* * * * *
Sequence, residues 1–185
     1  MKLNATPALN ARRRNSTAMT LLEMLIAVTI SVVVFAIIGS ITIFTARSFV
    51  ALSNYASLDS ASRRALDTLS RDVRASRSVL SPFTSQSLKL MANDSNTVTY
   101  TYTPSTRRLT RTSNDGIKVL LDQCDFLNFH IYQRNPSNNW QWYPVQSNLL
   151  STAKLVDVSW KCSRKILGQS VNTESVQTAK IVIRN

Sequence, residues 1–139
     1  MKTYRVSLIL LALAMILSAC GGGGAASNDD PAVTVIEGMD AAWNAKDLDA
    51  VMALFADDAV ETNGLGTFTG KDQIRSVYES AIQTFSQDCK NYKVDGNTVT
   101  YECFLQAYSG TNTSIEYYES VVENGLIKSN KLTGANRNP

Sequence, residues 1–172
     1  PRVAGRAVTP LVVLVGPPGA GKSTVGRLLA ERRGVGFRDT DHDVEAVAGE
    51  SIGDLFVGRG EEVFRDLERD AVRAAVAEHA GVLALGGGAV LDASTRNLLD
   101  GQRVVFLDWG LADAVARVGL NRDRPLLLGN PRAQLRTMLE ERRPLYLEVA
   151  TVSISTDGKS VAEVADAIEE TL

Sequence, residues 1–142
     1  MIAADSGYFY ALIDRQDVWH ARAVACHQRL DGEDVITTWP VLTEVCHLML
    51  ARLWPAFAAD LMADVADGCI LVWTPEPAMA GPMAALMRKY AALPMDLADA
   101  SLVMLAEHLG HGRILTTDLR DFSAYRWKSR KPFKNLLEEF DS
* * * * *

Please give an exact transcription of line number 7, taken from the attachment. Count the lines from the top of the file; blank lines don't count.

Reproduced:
     1  MKTYRVSLIL LALAMILSAC GGGGAASNDD PAVTVIEGMD AAWNAKDLDA